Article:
Western blotting. Western blotting was performed as described previously (Hope et al., 1994b). Mouse or rat hippocampus was homogenized in Dounce homogenizers in 10 vol of EMSA buffer. Aliquots of these cellular extracts (containing 50 μg of protein) were then applied to a 10% acrylamide and 0.27%N,N′-methylenebisacrylamide resolving gel for SDS-PAGE overnight at 75 V and electrotransferred to nitrocellulose filters at 200 mA for 3 hr. The blots were incubated in blocking buffer, with four changes of 15 min each, containing 2% nonfat dry milk powder in PBS-Tween (10 mm sodium phosphate, pH 7.4, 150 mm NaCl, and 0.1% Tween 20) and incubated overnight at 4°C in a 1:200,000 dilution of anti-cdk5 antibody (Santa Cruz Biotechnology, Santa Cruz, CA), 1:10,000 dilution of anti-phospho-tau antibody (Roche Products, Mannheim, Germany), 1:2000 dilution of anti-p35 antibody (N-20; Santa Cruz Biotechnology), or 1:2000 dilution of anti-p35/p25 antibody (C-19; Santa Cruz Biotechnology) in blocking buffer with 0.05% sodium azide. The blots were washed four times for 15 min each in blocking buffer and incubated in a 1:4000 dilution of goat anti-rabbit antibody conjugated to horseradish peroxidase (Vector Laboratories, Burlingame, CA) in blocking buffer for 2 hr. The blots were washed eight times for 15 min each with PBS-Tween alone, developed with the enhanced chemiluminescence (ECL) system of Amersham (Arlington Heights, IL), and exposed to Hyperfilm-ECL (Amersham) for 5–60 sec. Levels of protein immunoreactivity were quantified by either measuring the optical density of specific bands using an image analysis system with NIH Image software, version 1.41, or measuring the light intensity using a Bio-Rad PhosphorImager.
Cloning cdk5 promoter. Genomic DNA from mouse tail was used as a template in PCR to clone a portion of the 5′-promoter region of the cdk5 gene (Ohshima et al., 1996). The accuracy of the PCR product was confirmed by DNA sequencing. Primers were designed on the basis of GenBank sequence information of the cdk5 gene: upstream primer, 5′-CCA GCA GCC AGA GGG GAC TCT-3′, and downstream primer, 5′-AGG TGC CTA GAG GAA GGT TG-3′. The PCR product (1.6 kb) was cloned into the pGL3-basic vector, which contains a luciferase reporter gene. The plasmid was designated pGL3-cdk5-luc.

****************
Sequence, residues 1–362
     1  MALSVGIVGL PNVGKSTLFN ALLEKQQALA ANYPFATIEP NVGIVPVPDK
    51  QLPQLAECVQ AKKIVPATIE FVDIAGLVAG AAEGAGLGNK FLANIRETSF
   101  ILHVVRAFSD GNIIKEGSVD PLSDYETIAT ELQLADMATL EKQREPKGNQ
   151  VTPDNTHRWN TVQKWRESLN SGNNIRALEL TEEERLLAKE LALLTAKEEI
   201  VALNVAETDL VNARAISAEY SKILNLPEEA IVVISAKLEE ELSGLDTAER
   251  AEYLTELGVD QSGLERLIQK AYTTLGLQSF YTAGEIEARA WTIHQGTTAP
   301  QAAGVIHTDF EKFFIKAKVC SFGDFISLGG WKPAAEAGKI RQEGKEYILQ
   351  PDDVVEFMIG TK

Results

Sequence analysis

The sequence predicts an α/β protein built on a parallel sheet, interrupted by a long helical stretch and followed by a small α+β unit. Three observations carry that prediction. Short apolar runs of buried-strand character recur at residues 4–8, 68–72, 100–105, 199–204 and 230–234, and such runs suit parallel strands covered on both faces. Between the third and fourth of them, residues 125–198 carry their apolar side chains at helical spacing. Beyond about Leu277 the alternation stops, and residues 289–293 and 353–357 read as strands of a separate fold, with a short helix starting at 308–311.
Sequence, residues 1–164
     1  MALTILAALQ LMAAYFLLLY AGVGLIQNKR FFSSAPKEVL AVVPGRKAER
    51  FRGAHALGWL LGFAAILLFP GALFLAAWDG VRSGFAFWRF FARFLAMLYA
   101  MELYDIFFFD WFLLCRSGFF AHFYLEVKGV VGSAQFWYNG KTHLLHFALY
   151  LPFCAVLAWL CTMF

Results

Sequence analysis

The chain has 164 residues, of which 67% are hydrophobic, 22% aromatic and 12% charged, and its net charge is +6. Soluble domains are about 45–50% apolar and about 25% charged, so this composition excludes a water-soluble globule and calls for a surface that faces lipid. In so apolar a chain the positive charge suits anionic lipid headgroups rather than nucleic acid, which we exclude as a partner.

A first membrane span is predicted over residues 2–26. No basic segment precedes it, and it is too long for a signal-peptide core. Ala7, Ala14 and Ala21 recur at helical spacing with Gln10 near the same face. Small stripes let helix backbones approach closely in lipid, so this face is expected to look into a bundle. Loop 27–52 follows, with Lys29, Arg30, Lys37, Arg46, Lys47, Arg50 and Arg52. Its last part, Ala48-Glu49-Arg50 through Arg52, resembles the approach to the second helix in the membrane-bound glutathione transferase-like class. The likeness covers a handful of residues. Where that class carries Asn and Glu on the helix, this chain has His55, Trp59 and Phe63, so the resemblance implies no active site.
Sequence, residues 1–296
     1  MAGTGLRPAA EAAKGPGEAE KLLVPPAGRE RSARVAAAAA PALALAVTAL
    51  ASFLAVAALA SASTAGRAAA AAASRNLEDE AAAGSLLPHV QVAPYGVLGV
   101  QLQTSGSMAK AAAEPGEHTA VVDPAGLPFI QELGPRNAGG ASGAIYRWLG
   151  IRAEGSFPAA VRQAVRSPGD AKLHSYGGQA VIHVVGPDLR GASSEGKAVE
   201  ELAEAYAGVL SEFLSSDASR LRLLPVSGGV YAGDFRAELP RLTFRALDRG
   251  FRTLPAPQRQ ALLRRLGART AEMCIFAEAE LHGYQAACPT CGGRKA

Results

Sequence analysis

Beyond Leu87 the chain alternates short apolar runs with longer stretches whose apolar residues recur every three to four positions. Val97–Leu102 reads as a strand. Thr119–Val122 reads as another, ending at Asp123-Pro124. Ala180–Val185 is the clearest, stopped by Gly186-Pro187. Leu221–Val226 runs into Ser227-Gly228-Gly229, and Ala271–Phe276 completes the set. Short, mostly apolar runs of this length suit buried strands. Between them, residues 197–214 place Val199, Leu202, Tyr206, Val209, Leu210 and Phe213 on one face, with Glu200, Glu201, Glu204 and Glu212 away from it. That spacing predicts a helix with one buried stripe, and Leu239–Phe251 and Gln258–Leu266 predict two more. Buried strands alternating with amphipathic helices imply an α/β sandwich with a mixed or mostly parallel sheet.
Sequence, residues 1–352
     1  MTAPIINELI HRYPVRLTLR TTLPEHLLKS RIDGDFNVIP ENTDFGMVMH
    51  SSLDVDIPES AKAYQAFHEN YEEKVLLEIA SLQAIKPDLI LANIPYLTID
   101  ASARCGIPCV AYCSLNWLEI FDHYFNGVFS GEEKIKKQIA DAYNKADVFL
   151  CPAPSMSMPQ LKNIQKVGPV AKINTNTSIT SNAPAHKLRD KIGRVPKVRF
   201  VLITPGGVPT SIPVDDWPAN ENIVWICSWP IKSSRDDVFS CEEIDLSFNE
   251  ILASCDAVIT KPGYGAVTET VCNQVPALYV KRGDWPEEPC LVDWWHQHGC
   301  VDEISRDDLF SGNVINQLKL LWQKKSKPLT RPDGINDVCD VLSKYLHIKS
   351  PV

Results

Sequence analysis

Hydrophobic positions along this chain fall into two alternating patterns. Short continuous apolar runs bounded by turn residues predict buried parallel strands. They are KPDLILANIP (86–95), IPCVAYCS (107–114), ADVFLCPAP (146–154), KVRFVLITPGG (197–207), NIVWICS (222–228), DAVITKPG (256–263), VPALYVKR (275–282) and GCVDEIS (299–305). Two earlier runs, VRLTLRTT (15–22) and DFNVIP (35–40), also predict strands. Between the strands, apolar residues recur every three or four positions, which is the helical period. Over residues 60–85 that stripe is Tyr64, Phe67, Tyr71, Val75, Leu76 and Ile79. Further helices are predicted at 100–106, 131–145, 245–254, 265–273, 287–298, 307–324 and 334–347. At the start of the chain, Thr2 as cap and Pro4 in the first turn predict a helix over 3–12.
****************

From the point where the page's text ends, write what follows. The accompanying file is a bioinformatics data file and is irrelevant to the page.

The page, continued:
Transfection. Cells (2.5 × 105) of an inducible ΔFosB-expressing C6 glioma cell line [described in Chen et al. (1997)] in 2 ml of DMEM containing 10% FBS were inoculated into each well of six-well Falcon plates. After 16 hr of incubation at 37°C in 5% CO2, the cells were transfected with 2.5 μg of pGL3-cdk5-luc DNA or pGL3-cdk5mut-luc DNA (see below) by the use of the lipofectamine reagent (Life Technologies, Gaithersburg, MD). Cells were harvested 24 hr later.
Site-directed mutagenesis. Primers containing mutations in the AP-1 site of the cdk5 promoter (mutant primer 1, 5′-GGG TGT TTG TCG ACT CCA GCG ACC TCC TGA CA-3′; mutant primer 2, GTC GCT GGA GTC GAC AAA CAC CCA ACC AGG TCA-3′) were paired with either upstream or downstream primers for the cdk5 promoter in PCR. The AP-1 site was replaced by use of the restriction enzyme SalI site. The PCR products were digested with SalI and then ligated by T4 DNA ligase. The ligated PCR product was used as a template and amplified by PCR using upstream and downstream cdk5 primers. The PCR product containing the mutated cdk5 promoter fragment was cloned into the pGL3-basic vector. The mutant plasmid was designated pGL3-cdk5mut-luc.
Analysis of gene expression profiles in ΔFosB-expressing mice
In previous studies, we used the tetracycline gene regulation system (Gossen and Bujard, 1992) to develop bitransgenic mice that support the inducible expression of ΔFosB in specific brain regions, including the hippocampus (Chen et al., 1998) (Fig.1 A). Expression of ΔFosB is tightly regulated by doxycycline, an analog of tetracycline, in bitransgenic mice. To search for downstream targets for ΔFosB in the hippocampus, we analyzed RNA samples derived from this brain region of ΔFosB-expressing mice and of their littermates not expressing ΔFosB, by the use of commercially available cDNA expression arrays as shown in Figure 1, which contain 588 genes in each array. Levels of probe hybridization to each gene were quantified by PhosphorImager (see Materials and Methods). A portion of the resulting arrays are shown in Figure 1 C. As would be expected, levels of hybridization tofosB DNA itself were ∼4.5-fold higher with probe derived from the hippocampus of ΔFosB-expressing mice than with that of doxycycline-suppressed controls (Table1). The magnitude of this increase corresponds to the degree of induction of ΔFosB observed previously in the bitransgenic mice (see Kelz et al., 1999), which in turn is similar to that obtained with chronic ECS treatment (Hope et al., 1994a). This result offers some validation of the ability to detect altered gene expression by use of the cDNA expression arrays.